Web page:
Per the article ...
On her experiences in her first deployment in Iraq with a field medical unit of the Hawaii National Guard, and how they started to change her mind about the war:
We were lied to, and ... we were betrayed ... . This really wasn't about going after Al-Qaeda. This wasn't about fulfilling that mission of protecting the American people at all. It was a regime change war that was launched under the guise of national security, under the guise of humanitarianism, and, "Look at all these atrocities that this brutal dictator has done to his own people," and done really for the benefit of corporate interests and oil.
On the military's use of "Third Country Nationals" on bases in Iraq:
We started making friends with what were called the Third Country Nationals that were hired by KBR Halliburton to come and do things like clean the outhouses, or cook the meals in the chow hall, so we'd start to make friends with them and talk with them and go outside behind the tent, start cooking rice and sharing food, and just started asking them, "Hey, how much are you guys making? How are you being treated?"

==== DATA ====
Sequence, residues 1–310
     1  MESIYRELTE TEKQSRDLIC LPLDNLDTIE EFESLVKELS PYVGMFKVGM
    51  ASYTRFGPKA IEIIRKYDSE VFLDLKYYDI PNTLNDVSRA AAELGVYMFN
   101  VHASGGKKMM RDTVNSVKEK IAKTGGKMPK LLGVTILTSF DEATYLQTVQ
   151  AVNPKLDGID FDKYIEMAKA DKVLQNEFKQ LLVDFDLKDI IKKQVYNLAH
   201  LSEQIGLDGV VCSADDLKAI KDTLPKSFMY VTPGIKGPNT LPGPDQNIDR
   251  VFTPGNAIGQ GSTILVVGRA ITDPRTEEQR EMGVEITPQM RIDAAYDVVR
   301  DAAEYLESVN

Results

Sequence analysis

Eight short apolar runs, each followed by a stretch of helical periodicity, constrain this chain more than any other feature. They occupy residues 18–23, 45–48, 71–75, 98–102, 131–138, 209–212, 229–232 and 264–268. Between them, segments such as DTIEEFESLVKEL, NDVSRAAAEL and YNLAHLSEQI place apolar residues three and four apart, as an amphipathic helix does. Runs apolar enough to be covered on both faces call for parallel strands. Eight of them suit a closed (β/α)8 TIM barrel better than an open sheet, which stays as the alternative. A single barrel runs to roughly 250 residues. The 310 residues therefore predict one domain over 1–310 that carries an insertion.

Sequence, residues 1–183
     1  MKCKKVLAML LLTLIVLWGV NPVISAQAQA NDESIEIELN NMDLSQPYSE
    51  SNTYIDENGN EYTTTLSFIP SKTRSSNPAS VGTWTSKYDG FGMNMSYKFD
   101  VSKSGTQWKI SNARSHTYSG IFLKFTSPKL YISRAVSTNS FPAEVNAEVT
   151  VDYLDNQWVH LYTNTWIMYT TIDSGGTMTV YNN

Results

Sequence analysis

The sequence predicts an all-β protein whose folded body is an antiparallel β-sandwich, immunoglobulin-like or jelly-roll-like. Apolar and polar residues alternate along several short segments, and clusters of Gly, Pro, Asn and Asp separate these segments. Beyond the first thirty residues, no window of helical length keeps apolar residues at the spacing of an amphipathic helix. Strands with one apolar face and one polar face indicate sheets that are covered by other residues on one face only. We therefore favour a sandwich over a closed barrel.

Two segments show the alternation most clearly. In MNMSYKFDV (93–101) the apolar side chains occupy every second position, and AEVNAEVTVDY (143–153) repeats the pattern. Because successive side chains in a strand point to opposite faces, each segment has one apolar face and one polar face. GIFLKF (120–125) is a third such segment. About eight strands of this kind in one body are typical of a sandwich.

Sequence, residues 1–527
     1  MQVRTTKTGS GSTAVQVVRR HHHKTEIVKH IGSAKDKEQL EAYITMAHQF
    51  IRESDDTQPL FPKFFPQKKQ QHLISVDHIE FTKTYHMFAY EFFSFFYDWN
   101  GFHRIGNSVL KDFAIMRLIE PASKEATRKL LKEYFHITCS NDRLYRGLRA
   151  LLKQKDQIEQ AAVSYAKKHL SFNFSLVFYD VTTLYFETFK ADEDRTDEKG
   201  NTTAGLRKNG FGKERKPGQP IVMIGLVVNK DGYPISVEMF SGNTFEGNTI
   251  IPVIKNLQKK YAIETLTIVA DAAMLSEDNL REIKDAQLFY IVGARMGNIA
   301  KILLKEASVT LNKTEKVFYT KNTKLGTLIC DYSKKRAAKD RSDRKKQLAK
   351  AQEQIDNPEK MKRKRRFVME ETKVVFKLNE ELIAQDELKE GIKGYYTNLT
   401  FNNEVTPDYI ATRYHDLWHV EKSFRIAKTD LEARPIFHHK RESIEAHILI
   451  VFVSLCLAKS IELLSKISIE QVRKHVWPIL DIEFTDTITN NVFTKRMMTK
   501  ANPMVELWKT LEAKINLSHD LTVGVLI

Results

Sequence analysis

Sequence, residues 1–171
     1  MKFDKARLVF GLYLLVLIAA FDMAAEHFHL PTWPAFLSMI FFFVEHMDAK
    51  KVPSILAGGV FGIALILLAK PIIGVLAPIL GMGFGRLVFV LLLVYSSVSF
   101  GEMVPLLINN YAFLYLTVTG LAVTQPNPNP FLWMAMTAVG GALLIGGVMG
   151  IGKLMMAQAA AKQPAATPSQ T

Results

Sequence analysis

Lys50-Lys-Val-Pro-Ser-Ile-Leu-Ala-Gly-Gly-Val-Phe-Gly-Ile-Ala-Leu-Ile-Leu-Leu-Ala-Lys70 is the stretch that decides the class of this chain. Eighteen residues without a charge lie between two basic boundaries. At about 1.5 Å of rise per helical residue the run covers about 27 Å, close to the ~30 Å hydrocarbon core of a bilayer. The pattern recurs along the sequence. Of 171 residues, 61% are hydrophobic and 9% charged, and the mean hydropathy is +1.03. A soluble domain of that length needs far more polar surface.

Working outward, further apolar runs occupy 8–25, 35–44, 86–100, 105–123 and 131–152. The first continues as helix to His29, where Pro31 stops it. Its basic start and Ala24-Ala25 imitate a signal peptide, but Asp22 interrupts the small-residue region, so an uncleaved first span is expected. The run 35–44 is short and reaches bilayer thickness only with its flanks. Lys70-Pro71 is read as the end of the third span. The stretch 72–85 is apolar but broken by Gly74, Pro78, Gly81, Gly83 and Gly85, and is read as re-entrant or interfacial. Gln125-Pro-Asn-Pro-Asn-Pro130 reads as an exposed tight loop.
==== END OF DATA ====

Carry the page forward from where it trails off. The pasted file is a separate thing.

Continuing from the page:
It was outrageous to see. I mean, hearing, "Oh, I get paid $500 a month," a month, "to work 12-hour days, six, seven days a week." "How often do you get home to see your family?"
"Maybe once a year, but probably every other year."
And just knowing the billions of dollars these companies are making, and really to have this indentured servitude, it just, it went to, "Well this is the military industrial complex."
On her conclusions about the efficacy of foreign interventions:
We look at terrorist groups like Al-Qaeda and ISIS. They have been born out of these wars, and have been strengthened because of these wars and interventions. So it's made us less safe, as a country. It has come at a tremendous cost to both our service members and their families ...
It's come at a tremendous cost to the American people, with the $6-plus trillion that's been spent since 9/11 alone. Families in Flint, Michigan right now, who are still being told, "Sorry, there's just not enough money to make sure you've got clean water ... " We're still spending $4 billion a month in Afghanistan.
I like what Tulsi Gabbard has to say.